On Monday afternoon, a 7.5-magnitude earthquake struck the mountains of northern Afghanistan, sending shockwaves rippling to the reaches of India and Pakistan.
More than 260 people have died; the death toll is expected to keep rising. As the U.S. Geological Survey summed up the power of the natural disaster: “Significant casualties are likely and the disaster is potentially widespread.”
Some of the deaths were not caused by the earthquake, but by the resulting panic. Twelve young girls were trampled in a stampede while trying to descend the stairs and evacuate their school in the Takhar Province. An 11-year-old elsewhere in Afghanistan lost his leg when he hid under a building when the shaking began.
In Kabul — 160 miles from the quake’s epicenter — people flooded onto the streets as furniture began to shake for nearly a minute. In Islamabad, the ground shook for more than two minutes. Aftershocks continued for a while after. The power went out in much of the area. Many phone lines and mobile networks are down, making it hard for families to contact loved ones, and for the government to assess the damage in far-flung provinces. The Taliban also has a major presence near where the earthquake hit, which could complicate rescue efforts, according to The Wall Street Journal, as could the fact that the country’s resources are tied up and depleted after years of war. Hundreds of houses were destroyed, leaving people homeless just as weather begins to grow cold.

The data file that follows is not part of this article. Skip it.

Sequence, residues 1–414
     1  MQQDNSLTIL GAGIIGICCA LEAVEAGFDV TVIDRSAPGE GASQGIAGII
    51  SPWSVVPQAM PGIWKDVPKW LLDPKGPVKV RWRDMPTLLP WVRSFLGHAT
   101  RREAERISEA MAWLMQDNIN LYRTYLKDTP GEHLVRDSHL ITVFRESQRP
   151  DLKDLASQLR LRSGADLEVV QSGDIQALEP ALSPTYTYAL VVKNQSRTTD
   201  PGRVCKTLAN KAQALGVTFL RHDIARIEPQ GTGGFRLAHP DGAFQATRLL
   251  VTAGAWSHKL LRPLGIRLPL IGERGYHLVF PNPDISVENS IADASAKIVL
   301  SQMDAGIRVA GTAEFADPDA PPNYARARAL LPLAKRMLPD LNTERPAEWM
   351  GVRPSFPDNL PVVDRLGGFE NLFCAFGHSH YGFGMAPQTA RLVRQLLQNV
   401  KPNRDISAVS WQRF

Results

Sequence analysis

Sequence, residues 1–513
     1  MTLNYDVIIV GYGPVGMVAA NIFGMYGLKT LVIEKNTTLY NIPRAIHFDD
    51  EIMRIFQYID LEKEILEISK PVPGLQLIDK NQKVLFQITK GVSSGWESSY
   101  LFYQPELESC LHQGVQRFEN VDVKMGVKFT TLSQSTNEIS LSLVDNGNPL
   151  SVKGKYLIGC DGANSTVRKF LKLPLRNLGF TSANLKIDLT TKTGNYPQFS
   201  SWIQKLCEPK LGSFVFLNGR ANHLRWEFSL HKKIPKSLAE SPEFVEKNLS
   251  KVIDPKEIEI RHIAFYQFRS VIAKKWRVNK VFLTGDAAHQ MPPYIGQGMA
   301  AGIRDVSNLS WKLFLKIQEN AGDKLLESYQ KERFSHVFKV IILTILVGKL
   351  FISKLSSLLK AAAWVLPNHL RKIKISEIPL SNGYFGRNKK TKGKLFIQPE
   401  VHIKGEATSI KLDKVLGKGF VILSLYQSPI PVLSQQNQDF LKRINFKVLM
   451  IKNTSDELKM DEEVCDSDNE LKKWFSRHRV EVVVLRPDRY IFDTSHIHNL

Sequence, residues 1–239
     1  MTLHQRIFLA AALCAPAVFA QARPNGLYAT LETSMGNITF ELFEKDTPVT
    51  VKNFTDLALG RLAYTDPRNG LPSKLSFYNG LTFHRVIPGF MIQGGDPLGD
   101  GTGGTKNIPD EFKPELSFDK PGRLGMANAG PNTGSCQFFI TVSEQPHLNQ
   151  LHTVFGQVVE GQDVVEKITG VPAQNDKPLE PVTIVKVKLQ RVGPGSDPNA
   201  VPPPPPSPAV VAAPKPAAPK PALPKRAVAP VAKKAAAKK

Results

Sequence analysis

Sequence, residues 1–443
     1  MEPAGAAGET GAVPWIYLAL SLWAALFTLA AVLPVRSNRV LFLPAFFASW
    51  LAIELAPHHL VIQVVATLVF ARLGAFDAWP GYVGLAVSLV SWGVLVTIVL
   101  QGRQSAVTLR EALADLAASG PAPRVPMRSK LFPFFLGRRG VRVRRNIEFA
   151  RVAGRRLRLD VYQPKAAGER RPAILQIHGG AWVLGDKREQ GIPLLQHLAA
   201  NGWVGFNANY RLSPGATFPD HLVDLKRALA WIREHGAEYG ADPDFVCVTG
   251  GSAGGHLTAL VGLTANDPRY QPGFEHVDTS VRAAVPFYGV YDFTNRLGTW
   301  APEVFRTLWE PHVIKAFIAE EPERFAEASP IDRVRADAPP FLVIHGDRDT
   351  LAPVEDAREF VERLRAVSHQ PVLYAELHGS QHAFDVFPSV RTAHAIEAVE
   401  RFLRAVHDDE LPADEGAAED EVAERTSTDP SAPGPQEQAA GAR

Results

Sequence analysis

In the mountains, landslides are a big worry thanks to the heavy rain that has fallen the past few days, which could make it even harder for rescuers to reach some remote areas in need of aid.
A doctor in Pakistan told USA Today, “The devastation is going to be huge. It is very difficult to reach the far-flung villages. The governments of Pakistan and Afghanistan have no proper disaster management units.” A folk singer told the newspaper that he originally thought a terrorist attack was happening: “Within few moments I got the idea that it is something else. Thanks to Allah that we are safe, but our house was ruined like a house of cards.”
More than 200 people have died in Pakistan.
The region — the meeting place for the Indian and Eurasian tectonic plates — is a volatile one for earthquakes. Nearly 9,000 people died after a quake in Nepal this April. A decade ago, more than 70,000 people died in an earthquake in northeastern Pakistan. The Journal notes that more than 50 earthquakes with a magniture of at least 6 have happened along the fault in the past century.
This post has been updated throughout.